What if everything we think we know about obesity and nutrition is wrong?

What’s really driving our scourge of obesity and its related metabolic diseases, including diabetes, Alzheimer’s disease, cancer, and heart disease? For starters, what if all of our efforts to fight weight gain have been based on inconclusive science? What if our “treatment” is then incorrect, rather than conventional wisdom that says people just can’t follow it?

Peter Attia testing a metabolic chamber that will be used in his upcoming research.
Peter Attia testing a metabolic chamber that will be used in his upcoming research.

The medical community generally holds that we eat an overly large number of calories, causing an “energy imbalance” that leads to fat accumulation — and most of its advice to the general population speaks to that: “Eat less and exercise more!” Yet, after 50 years of studying the problem and about a decade trying hard to fix it — mainly via health messaging — we continue to gain weight exponentially. Obesity has increased 250 percent since the 1960s, and diabetes more than fivefold.

Physician and TEDMED speaker Peter Attia and his non-profit organization, Nutrition Science Initiative (NuSI), hope to help science, and eventually public policy, reach the truth. Attia and co-founder Gary Taubes, a science and health journalist and author of Why We Get Fat, founded NuSI a year ago. They hold that research on nutrition has not been nearly rigorous enough to date to make existing claims about the relationship between nutrition and health due a host of factors, including a lack of proper controls, difficulties in meticulously monitoring subjects, and insufficient resources to conduct the necessary experiments to show cause-and-effect.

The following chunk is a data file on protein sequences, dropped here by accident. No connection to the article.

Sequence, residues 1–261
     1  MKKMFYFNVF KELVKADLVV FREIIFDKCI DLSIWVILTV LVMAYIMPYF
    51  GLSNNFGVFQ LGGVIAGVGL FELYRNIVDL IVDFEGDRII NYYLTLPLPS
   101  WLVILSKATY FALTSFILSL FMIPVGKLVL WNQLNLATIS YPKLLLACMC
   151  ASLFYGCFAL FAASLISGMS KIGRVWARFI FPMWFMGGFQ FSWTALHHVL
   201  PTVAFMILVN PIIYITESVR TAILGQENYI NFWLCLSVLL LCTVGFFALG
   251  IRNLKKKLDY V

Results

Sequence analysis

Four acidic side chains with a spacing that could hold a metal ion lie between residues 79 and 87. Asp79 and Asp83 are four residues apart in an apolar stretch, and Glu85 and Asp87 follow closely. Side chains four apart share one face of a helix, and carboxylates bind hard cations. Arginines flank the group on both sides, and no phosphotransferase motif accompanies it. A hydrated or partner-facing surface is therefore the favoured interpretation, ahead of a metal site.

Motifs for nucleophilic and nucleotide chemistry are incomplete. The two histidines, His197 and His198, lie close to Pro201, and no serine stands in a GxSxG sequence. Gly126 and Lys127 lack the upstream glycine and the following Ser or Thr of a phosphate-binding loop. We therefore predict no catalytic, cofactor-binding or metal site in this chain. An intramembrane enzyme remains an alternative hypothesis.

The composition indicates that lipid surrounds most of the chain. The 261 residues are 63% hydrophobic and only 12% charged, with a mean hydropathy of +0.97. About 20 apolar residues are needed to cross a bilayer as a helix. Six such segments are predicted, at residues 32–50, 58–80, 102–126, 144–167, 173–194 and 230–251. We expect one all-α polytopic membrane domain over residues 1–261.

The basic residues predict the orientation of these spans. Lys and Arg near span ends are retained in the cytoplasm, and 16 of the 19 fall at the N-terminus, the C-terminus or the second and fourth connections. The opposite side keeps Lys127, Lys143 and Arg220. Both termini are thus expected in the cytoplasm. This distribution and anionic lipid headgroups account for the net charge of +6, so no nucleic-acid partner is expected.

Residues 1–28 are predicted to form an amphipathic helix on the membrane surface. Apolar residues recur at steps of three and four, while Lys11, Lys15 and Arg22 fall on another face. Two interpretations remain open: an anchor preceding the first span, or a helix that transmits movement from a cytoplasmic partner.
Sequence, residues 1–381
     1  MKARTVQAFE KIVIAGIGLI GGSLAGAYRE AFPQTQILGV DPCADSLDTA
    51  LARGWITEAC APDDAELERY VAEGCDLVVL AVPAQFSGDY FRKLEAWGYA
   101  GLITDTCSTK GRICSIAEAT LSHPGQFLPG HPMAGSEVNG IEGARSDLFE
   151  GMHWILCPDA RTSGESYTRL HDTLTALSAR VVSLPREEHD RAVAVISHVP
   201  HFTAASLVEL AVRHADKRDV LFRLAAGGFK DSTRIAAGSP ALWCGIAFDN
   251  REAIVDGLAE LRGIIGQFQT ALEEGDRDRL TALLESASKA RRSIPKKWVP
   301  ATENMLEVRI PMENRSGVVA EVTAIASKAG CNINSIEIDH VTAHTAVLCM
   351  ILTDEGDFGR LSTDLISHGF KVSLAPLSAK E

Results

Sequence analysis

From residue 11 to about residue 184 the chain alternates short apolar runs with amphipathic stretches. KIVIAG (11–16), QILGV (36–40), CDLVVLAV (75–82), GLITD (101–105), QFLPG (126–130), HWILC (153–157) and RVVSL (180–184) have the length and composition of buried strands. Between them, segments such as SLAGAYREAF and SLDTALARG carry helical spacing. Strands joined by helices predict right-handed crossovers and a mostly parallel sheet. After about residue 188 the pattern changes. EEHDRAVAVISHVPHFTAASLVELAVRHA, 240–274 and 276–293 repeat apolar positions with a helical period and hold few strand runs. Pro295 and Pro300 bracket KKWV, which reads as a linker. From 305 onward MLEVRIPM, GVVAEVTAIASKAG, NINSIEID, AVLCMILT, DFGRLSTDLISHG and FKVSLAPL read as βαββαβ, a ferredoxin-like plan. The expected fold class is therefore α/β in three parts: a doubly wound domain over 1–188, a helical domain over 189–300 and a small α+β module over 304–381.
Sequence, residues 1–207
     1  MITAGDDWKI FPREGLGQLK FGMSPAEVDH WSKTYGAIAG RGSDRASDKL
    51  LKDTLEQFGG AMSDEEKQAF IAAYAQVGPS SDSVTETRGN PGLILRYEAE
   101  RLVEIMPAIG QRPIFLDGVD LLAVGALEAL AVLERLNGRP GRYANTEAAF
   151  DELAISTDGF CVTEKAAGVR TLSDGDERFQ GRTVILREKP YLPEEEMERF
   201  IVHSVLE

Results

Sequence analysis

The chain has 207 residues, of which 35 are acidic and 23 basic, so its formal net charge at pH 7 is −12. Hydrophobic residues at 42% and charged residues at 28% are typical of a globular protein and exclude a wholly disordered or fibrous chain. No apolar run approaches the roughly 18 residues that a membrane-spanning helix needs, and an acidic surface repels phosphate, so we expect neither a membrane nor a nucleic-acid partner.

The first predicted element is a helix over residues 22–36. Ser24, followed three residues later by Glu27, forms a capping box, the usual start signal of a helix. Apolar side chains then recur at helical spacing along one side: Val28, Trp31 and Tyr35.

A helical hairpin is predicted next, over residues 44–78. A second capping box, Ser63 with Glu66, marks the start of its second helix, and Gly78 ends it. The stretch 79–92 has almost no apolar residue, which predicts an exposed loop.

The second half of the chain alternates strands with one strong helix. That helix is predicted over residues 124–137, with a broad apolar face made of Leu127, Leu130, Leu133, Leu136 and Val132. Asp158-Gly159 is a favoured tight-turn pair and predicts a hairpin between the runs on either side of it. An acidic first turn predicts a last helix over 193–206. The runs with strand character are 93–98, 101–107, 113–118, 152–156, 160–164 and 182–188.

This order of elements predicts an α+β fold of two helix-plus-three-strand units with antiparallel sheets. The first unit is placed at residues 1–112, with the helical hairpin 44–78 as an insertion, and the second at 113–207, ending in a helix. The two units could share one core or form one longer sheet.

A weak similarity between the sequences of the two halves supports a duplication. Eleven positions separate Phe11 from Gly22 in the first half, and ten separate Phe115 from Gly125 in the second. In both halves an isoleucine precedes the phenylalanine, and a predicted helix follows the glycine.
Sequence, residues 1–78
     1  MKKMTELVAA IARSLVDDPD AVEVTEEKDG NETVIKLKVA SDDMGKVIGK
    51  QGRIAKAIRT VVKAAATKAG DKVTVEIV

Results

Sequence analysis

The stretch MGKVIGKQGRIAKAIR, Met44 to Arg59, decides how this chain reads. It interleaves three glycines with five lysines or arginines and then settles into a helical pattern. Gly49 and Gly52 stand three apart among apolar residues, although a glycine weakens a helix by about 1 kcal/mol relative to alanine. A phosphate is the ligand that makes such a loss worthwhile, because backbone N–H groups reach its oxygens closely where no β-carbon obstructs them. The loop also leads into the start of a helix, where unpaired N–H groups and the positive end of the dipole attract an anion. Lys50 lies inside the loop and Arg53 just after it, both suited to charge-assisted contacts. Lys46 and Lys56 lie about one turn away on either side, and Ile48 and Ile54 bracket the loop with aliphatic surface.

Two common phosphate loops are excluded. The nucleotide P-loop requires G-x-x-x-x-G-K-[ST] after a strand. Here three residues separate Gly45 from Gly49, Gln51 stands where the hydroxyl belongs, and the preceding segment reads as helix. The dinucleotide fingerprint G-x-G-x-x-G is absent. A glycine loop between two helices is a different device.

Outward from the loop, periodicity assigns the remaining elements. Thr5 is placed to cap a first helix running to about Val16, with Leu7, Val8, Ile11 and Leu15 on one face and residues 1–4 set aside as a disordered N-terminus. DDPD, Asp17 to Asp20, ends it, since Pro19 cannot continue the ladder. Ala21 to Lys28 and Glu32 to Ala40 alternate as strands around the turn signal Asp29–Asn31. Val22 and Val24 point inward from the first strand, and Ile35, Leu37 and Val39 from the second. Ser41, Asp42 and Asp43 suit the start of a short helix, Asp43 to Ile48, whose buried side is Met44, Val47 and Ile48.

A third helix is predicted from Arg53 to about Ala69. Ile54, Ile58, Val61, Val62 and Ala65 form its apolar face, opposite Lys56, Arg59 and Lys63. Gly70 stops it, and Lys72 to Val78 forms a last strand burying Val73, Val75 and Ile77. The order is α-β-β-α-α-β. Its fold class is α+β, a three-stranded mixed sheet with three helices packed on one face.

Supporting their claim, a meta-search published in the New England Journal of Medicinelast January concurs, saying that most popular dietary recommendations concerning obesity, from the value of eating breakfast and more fruits and vegetables, to the evils of snacking, are unproven.

To begin its quest, NuSI is funding and facilitating what it hopes will be the most rigorous research to date on the relationship between nutrition, obesity and metabolic disease, starting with three large experimental collaborations at six leading academic institutions over the next three years.

NuSI will release details on the projects in the next few months. We do know that, as theWall Street Journal reports, the Laura and John Arnold Foundation (LJAF) of Houston, Texas has recently agreed to fund approximately $40 million of research over the next three years. Stay tuned for updates. Published on The Huffington Post, June 12

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